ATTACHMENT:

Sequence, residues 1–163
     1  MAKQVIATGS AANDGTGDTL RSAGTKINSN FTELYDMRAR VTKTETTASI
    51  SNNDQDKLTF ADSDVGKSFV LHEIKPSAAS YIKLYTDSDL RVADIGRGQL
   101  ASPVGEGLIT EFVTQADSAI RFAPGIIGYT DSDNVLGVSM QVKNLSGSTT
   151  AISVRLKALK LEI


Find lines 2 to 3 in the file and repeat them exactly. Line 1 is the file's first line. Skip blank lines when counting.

     1  MAKQVIATGS AANDGTGDTL RSAGTKINSN FTELYDMRAR VTKTETTASI
    51  SNNDQDKLTF ADSDVGKSFV LHEIKPSAAS YIKLYTDSDL RVADIGRGQL